A Response to Lee Health Town Hall Meetings

By: Mike Meunier

As a member and sponsor of the SWFL Business Alliance and Network, I attend many networking events. I find it helpful in my current career to be plugged into the community. At one specific meeting, the discussion among the other small business owners was regarding the rumors about Lee Health and their recent decision to become a “For Profit” Hospital system. Why would Lee Health want to do that?

I have had many conversations with clients regarding the cost of healthcare and how to pay for it in retirement. The last thing they want to hear is whether the costs are going up or they cannot get the same care they had been getting. In a previous career in a hospital healthcare system, I served my community at a non-profit as a CCO as part of our Administrative Healthcare Leadership team, where I was a participant in hospital strategic planning and operations, so I decided I had to go and attend one of these town halls and ask Lee Health Board members and leadership why a three billion dollar system would choose to become “for profit” and therefore have to pay property taxes and loose significant benefits Centers for Medicare and Medicaid non-profits are afforded.

Non-Profits do not pay taxes if they provide community benefit. More about that in a minute. In my experience, the only time a healthcare provider system becomes “for profit” is because it is bought by a larger “for profit”. No one at the town hall mentioned anything about being bought out. Quite the contrary. Lee Health’s goal is to strengthen its ability to fulfill its mission and compete on an even playing field for the patients it serves. Lee Health, as a government-run organization, maintains five districts with an elected board of 10 members, two board members representing each of the districts that make up the ten-member board. If a private non-profit is in the direction they go, they would re-write the bylaws to require a ten-member board with representation from those same areas of Lee County. It would be foolish not to.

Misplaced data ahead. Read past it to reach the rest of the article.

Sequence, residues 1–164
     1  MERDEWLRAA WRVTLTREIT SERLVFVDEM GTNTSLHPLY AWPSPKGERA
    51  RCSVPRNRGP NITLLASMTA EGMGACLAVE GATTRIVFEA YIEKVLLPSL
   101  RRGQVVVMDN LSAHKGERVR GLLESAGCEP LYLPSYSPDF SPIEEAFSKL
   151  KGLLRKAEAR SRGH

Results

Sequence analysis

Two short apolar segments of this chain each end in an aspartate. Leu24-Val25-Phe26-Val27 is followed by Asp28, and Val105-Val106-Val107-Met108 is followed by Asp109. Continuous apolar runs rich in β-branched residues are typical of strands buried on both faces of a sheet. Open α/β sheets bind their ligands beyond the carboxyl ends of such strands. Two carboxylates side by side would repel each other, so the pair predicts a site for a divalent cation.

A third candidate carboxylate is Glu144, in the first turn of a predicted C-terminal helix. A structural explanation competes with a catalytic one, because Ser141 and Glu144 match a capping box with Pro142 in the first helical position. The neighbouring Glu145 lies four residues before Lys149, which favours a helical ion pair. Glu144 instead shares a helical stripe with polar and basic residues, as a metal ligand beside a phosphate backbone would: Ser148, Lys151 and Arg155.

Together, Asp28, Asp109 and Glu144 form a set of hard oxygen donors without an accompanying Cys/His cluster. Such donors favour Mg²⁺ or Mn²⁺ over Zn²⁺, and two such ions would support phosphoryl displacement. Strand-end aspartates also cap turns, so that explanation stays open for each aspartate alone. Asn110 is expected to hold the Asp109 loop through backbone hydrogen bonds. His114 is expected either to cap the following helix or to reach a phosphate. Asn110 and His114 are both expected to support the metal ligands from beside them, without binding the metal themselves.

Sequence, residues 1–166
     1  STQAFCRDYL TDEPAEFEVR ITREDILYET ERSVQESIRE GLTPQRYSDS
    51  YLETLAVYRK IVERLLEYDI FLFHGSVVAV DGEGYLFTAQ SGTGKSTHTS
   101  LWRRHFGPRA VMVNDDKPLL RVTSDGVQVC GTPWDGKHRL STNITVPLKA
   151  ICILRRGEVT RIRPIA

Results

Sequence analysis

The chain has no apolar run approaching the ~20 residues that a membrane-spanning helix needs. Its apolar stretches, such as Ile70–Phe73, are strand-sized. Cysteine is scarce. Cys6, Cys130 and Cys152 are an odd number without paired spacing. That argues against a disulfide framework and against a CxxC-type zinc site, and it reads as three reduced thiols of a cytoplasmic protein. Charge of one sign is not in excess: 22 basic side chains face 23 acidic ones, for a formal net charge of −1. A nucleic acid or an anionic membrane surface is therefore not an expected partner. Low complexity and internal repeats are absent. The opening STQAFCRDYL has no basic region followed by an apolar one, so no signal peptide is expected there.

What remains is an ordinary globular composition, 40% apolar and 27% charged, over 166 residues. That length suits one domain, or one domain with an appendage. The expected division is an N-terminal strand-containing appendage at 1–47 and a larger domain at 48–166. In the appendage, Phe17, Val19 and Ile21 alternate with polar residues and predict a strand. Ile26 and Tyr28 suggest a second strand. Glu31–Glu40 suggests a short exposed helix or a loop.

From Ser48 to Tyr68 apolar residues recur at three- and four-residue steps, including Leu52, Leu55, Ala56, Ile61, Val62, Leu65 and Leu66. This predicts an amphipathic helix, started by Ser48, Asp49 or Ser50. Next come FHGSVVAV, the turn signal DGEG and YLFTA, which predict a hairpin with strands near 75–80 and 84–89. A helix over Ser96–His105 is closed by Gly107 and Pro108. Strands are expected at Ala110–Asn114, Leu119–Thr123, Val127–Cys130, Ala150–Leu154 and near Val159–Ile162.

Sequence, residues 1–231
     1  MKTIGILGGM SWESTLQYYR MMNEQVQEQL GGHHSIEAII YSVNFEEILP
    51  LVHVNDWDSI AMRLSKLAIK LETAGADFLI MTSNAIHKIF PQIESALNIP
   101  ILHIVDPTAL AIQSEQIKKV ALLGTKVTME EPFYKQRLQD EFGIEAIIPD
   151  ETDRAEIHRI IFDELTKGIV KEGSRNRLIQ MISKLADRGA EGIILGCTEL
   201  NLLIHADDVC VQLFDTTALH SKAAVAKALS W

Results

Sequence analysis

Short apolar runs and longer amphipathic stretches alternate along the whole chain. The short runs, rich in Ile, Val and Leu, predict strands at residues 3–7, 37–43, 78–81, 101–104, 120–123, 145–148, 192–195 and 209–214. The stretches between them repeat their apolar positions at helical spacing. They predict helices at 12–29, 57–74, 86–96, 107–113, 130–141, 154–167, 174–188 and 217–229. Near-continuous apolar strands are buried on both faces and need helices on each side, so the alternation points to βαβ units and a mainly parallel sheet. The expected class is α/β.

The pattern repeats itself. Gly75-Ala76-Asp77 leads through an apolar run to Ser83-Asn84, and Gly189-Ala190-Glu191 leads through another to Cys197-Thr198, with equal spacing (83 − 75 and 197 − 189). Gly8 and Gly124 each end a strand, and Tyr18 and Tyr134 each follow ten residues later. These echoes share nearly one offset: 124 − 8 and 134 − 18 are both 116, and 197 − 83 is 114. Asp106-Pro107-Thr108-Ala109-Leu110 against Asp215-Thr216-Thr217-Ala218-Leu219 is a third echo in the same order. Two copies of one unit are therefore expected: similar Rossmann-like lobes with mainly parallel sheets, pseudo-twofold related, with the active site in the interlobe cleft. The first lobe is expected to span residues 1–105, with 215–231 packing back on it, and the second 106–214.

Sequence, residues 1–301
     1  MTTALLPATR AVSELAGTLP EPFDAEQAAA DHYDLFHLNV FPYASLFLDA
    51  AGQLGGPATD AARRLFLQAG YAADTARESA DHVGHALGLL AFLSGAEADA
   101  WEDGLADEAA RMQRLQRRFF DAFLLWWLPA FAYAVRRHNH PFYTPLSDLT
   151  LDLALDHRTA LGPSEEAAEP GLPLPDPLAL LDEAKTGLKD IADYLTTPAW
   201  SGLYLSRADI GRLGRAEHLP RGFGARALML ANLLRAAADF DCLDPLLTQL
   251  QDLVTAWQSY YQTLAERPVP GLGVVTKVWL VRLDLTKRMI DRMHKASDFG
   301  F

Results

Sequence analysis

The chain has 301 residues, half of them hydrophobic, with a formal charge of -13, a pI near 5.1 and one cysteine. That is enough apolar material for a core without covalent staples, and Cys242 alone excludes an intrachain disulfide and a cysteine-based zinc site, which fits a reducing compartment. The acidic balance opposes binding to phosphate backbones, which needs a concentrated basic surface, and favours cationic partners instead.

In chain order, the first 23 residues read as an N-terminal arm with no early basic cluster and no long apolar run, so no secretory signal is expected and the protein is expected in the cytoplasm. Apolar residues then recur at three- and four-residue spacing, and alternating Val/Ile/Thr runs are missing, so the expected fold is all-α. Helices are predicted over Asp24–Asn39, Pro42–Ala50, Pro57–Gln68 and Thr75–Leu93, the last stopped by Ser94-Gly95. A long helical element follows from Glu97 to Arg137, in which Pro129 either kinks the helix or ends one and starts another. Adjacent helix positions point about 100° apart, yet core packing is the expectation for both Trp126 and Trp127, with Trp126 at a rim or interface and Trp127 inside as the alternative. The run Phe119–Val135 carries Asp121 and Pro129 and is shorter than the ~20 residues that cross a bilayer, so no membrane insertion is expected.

The advantage of remaining non-profit but becoming a private non-profit will allow Lee Health to expand outside of its Lee County boundaries if it chooses to, with the goal of expanding geographically and providing more access to care. It is important they explore potential growth opportunities as other healthcare systems plan to move into the area. Lee Health leadership made it clear this is a process of fact-finding and exploring the possibility of this conversion. The community was encouraged to ask questions, and many concerns were raised surrounding the topic of who will now provide care for the indigent, the poor, the mentally challenged, and alike.

 Lee Health is a safety net hospital system and must provide these services to maintain its non-profit status. They must show a percentage of revenue in community benefit. In the 2023 statistics provided, Lee had a net community benefit of over 165 million dollars. This number includes charity care, unpaid Medicaid insurance write offs, as well as several funded community outreach and educational programs. This will not change. To maintain non-profit status, this access to care will not change and should not change. Lee will still accept the same insurance plans, as well as Medicare and Medicaid, as they do now. To the public, the patient care, the costs, services, and the patient experience should not be affected. Because Lee Health does not receive funding from Lee County resident tax dollars, it will rely on Medicare and Medicaid reimbursements and insurance payments, as well as in philanthropic development work, donations, and various government programs for funding.

Comments to Mr. Meunier can be addressed to: press@eastleecountynews.com

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